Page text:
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Jan 30, 2001

British help schools recover from Keith

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The winds and rain may be distant memories, but those people and institutions still suffering from Hurricane Keith have not been forgotten. Jose Sanchez reports.

Jose Sanchez, Reporting

Hurricane Keith put the hurt on Belize’s educational system to a tune of three and a half million dollars primarily in the Belize, Orange Walk and Corozal Districts. And to help repair the damage, the British government has donated two hundred and ninety-two thousand dollars.

Tim David, British High Commissioner

“With UNICEF we’ve decided on a number of good causes in Belize, one of which is the refurbishment of schools, schools used also as hurricane shelters. And as you heard today that the money is going to refurbish some sixty-four schools that suffered during Hurricane Keith either from the direct hit of the impact or because or they were used by poor people struggling for shelter.”

Though the money was generated by the British government, the United Nation’s Children’s Fund oversaw its disbursement. UNICEF Representative, Miguel Ugalde, believes that the donation is not only about repairing school buildings, but the actual calibre of education that children receive in the classroom.

Miguel Ugalde, UNICEF Representative

“The children of Belize like the children of the all the world have the right to a good quality education in addition to the right to be protected, to survival, and to health. So this drive for education is interpreted by UNICEF to good quality education. And good quality education is not only to have big buildings and schools it means also to have a curriculum that makes sense to the children.”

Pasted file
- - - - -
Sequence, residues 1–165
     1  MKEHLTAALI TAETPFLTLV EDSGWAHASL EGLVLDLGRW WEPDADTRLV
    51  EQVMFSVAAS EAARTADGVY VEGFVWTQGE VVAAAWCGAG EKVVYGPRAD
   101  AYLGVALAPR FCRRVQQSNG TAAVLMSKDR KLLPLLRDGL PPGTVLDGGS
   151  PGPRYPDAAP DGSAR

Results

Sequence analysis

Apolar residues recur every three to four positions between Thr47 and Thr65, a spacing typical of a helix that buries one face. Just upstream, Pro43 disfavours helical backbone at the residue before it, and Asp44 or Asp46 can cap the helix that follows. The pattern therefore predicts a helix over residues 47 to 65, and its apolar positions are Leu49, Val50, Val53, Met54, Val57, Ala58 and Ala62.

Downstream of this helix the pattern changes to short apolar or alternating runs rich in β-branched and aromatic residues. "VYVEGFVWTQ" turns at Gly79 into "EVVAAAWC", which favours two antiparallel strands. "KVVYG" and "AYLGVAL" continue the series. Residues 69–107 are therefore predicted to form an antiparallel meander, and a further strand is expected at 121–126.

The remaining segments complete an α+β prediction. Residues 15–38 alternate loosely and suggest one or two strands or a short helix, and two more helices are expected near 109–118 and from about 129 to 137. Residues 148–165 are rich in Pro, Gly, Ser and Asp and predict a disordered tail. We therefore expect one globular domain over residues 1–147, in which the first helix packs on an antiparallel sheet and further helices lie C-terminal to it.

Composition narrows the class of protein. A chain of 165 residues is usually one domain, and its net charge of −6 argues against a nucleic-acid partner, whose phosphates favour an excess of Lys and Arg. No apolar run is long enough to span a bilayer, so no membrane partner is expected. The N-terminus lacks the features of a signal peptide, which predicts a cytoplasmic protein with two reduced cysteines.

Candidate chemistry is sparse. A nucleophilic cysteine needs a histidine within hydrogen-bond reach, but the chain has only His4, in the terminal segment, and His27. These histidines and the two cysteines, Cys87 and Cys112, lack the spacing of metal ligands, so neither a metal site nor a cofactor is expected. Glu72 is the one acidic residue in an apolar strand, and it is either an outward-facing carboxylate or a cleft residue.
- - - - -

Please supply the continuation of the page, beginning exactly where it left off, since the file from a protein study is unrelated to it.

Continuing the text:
Teachers of the curriculum from all parts of the country were present to receive their respective funds. San Pedro high, one of the worst hit by Keith.

Martha Guerrero, Chairperson, San Pedro High School

“I think were getting a little over fourteen thousand dollars. That’s to replace eight or ten computers that we lost during Hurricane Keith. I don’t know if that would be enough, but we plan to use it for the computers.”

Elsie Cordova, San Lazaro Methodist Protestant School

“Well I plan to fix the windows that were damaged and the doors and there’s a part of the building that leaked water, especially during the hurricane season. This past hurricane the roof was leaking.”

Eleanor Castillo, Principal, Stella Maris School

“We are supposed to receive three thousand dollars and it is for the replacement of furniture and some small equipment at school, and also for materials, school materials maybe books.”

Anna Reyes, Principal Pancotto Primary School

“Our school was under water for three weeks and we had several books and teachers tables and stuff that were damaged. So we plan to use this money to replace the books and the furniture that was damaged.”

Reporting for News 5, Jose Sanchez.

On Wednesday High Commissioner Tim David will present a cheque for over sixty-nine thousand dollars to the Ministry of Human Development to be used to help hurricane stricken families, particularly those headed by single women, to purchase household effects and building materials.

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